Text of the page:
Like Samson, Zlatan's power resides in his hair - or so he thinks.

I also applaud his wisdom in not becoming an underwear model (Messi clearly should have thought twice about it!). Although he has appeared in his underwear, plenty of times - but mostly for the amusement of spectators:

Why be an underwear model, when you can wear your underwear in public?

Zlatan is a complex person. People seem to disagree whether he is an introvert or an extrovert; a bully or an angel. But there is no doubt that it is impossible to be indefferent about Zlatan. In Sweden he has gotten his own stamp (or "Zlamp") and a verb "zlatanera", meaning "to dominate" has been an official Swedish word since 2012.

I could spend another ten paragraphs writing about Zlatan's football statistics. The number of teams, cup and league trophies, player of the year awards, or magnificent moments like this Puskas award winning goal in 2013:



But, you can find all the numbers yourself. To me, what cemented his status as my spirit animal was his choice to move to Premier League and Manchester United at age 35. He could have retired to an easy life in the Chinese or American football leagues and with much higher salaries, but he chose the challenge. His self-confidence is almost tactile.

The Red Devil Supreme

Yet, I also enjoy the fact that Zlatan still takes a deep breath in the middle of interviews, like a nervous boy, still insecure about his place in the world. There is a crack in his beautiful, hard shell.

Foreigners ask Norwegians, and we also ask ourselves: What will Norway do after the oil? Well, I am more concerned about this: What will Sweden/football/I do after Zlatan? I dare not think about it. Although there are people suggesting he may become a manager. Somebody even imagined him in the role, pictorially:

Manager Ibrahimovic - 2035?


I hope there is still years left in him - on the field. I am not ready for him to leave the stage.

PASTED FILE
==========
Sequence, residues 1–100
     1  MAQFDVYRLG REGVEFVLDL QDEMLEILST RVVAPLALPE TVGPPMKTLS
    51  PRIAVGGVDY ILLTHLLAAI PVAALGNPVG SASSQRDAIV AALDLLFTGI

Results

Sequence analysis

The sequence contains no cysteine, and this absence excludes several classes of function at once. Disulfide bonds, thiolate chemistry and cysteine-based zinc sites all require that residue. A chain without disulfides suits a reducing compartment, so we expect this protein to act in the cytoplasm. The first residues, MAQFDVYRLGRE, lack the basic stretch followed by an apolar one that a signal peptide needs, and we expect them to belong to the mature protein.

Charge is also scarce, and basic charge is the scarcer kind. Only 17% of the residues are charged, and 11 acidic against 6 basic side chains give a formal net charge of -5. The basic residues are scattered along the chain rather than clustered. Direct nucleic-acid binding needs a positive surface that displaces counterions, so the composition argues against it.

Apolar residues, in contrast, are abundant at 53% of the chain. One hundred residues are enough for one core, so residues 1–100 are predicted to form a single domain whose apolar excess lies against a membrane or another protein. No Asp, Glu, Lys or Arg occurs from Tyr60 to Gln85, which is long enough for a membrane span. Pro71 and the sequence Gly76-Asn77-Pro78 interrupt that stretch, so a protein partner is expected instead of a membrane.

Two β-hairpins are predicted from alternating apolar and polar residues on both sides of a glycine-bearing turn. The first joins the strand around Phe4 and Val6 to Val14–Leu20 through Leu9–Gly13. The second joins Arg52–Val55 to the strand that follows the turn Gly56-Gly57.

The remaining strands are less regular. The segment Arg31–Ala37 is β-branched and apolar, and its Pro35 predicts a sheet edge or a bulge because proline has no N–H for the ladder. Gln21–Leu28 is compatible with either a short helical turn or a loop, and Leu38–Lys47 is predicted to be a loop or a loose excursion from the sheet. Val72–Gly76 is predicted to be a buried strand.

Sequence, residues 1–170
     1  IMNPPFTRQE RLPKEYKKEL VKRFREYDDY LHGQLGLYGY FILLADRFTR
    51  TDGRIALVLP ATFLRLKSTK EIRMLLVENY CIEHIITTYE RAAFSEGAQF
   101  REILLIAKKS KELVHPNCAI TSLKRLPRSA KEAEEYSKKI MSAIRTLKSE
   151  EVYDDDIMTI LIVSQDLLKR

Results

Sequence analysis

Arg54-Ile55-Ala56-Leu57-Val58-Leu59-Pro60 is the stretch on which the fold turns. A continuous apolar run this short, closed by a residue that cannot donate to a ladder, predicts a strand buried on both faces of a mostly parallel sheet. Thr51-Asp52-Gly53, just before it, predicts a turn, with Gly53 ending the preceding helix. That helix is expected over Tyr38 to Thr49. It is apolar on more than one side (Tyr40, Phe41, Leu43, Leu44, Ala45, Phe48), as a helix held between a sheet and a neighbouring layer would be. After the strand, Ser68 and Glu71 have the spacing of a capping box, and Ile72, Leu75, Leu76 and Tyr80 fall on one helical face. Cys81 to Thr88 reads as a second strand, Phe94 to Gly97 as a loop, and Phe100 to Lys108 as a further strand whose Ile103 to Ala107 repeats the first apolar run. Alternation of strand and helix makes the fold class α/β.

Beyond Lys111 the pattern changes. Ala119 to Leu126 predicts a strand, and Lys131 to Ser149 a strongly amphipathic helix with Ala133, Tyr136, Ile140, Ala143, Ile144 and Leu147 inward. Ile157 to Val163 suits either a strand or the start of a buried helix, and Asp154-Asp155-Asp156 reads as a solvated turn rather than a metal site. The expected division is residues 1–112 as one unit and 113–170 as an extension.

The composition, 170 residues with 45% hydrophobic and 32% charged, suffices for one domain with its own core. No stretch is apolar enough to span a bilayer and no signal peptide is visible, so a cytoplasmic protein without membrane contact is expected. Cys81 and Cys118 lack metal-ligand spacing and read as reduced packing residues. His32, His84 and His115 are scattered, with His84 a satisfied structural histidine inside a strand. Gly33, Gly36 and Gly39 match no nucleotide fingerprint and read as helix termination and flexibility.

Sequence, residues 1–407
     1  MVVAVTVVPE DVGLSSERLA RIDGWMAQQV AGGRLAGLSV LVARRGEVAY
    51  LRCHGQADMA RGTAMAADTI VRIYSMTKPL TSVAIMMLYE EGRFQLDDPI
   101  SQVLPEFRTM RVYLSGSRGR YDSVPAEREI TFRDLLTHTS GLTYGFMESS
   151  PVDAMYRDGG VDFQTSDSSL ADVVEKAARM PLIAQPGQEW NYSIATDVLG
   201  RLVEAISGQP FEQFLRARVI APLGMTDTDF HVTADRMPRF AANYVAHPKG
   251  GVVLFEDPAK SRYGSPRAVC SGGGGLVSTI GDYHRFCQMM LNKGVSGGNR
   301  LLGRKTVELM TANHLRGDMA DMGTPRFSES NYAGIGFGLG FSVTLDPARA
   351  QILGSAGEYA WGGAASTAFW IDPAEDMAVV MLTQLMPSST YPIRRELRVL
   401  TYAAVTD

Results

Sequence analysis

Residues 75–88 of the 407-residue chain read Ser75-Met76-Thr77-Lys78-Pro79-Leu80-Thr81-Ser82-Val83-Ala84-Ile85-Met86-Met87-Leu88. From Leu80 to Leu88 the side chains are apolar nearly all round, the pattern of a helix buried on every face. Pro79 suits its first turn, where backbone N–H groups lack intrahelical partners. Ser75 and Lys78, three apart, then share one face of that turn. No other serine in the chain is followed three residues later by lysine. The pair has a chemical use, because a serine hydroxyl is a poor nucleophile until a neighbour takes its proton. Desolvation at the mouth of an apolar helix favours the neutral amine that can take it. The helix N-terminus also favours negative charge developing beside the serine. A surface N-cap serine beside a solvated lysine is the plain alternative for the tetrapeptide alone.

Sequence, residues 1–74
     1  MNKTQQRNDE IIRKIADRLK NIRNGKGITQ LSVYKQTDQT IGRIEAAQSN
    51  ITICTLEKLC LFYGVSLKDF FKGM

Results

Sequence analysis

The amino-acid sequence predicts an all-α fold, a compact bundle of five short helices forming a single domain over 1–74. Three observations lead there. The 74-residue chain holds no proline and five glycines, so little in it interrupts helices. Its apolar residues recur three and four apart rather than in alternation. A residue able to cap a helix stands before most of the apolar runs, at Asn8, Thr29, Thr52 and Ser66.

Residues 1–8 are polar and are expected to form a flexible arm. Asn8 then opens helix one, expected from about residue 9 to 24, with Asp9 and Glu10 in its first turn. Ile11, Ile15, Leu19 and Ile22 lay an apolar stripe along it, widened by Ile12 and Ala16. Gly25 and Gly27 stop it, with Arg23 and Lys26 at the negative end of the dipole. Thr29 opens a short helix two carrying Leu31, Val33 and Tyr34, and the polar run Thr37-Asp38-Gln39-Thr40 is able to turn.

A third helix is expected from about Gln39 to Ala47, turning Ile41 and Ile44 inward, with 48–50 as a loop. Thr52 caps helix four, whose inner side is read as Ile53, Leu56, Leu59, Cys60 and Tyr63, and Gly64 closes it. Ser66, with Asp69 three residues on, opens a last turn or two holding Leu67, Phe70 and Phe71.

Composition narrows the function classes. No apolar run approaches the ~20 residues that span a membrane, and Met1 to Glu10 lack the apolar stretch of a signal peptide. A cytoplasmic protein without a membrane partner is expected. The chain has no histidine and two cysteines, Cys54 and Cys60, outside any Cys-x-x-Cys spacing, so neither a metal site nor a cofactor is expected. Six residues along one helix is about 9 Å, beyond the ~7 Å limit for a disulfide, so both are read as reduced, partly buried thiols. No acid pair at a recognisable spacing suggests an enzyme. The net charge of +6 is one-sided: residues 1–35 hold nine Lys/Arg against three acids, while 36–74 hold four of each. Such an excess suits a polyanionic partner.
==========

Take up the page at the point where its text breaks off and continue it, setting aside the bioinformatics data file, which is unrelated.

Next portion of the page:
My spirit animal with his spirit animals


October 24, 2013

Being Norwegian

Some times we Norwegians feel tough in our pajamas




















Today I opened the newspaper and read a short interview with the CEO of Coca-Cola Norway. After reading it, I felt good about being Norwegian. As I drank my tea for breakfast before the newspaper, I had felt utterly stupid. Who do we think we are, anyway, we Norwegians? We are smaller than a small state in the United States, yet we behave as if we rule the world. I am sick of this. What do we really think we can contribute to the world, beyond oil? When I say things like this, my dad gets annoyed. He starts listing all the valuable aspects of Norway. Then for a while, my inferior complex is calmed down. I know this oscillation between self-flagellation and self-aggrandizing is normal for us Norwegians – it may be argued that it is a hallmark of being Norwegian. 

One of my generation’s most favorite songs is a song by the Norwegian band DeLillos. It is called Tough In Pajamas and it goes like this:

Sometimes
I'm so stupid
that when I look in the mirror
I get irritated
I feel stupid in pajamas
I feel stupid in a coat
and when I get on the bus
then everybody sees

here comes stupidy, stupidy, stupidy, stupid
here comes stupidy, stupidy, stupidy, stupid
wow, wow
yeah, yeah
that’s the way this chorus goes

Now and then
I am so tough
that when I look in the mirror
I am impressed
I am tough in pajamas
I am tough in a coat
when I get on the bus